I arrive feeling lonely - two weeks away from the consuming routines of work having repaired my physical exhaustion, but brought me hard up against what I use those routines to hide from: how alone and unanchored I am. I hope for a relationship with Vienna, want the city to fill me up.
Your compact centre curls in calm and elegant solidity, timeless trams circling between the regular bulk of your five- and six-storey buildings. Row on row of windows, outlined here by fine Baroque carving, here by the austere, repeated patterns of the Jugendstil, the former bursting every now and then into gold-leaf, extravagant gargoyles and fountains, the latter into lovely, subtly coloured flowers and angels. Vienna, after London, what a uniform, calm and orderly city you are, full of beauties large and small.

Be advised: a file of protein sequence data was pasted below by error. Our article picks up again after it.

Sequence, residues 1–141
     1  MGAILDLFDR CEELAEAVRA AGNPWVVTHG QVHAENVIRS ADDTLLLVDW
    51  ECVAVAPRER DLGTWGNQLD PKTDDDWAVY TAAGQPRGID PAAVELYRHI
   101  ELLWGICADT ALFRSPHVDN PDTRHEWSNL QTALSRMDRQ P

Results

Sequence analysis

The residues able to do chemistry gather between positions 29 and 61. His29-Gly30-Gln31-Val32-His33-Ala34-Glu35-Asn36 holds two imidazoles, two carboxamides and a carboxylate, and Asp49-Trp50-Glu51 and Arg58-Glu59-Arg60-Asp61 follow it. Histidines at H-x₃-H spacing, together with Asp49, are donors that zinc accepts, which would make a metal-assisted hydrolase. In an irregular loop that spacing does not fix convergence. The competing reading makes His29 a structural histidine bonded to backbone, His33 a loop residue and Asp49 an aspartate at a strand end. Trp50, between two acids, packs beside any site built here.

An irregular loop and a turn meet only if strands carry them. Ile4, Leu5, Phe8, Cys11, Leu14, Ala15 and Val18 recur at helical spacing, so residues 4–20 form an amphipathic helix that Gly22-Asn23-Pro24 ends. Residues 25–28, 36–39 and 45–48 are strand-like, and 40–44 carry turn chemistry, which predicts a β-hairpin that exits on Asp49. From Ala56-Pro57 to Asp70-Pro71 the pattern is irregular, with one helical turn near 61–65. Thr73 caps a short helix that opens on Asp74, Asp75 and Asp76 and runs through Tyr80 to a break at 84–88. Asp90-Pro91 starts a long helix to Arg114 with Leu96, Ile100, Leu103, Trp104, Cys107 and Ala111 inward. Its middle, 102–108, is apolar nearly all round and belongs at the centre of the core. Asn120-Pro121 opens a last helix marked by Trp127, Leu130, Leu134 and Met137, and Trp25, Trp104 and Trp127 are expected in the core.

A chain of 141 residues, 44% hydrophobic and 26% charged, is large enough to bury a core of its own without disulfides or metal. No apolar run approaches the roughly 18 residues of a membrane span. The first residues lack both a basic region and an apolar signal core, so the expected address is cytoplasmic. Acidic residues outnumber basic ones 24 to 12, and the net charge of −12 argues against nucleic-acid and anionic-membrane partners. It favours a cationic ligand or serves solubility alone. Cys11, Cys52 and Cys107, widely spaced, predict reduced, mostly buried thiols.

Congenial, gemütlich, you stroke my mood and senses, soothing, anchoring my heart in time and place, yet slowly plant unease. You preserve your dark history alongside your architectural heritage. Something in the sheer size and number of your gorgeous palaces affronts. And then, the wall-plaques and small museums: here and here and here the Jewish citizens were, and are gone.
Beneath your charm and beauty, a more complex, painful, bitter-sweet allure. My Viennese friends left and lived abroad, and have all returned.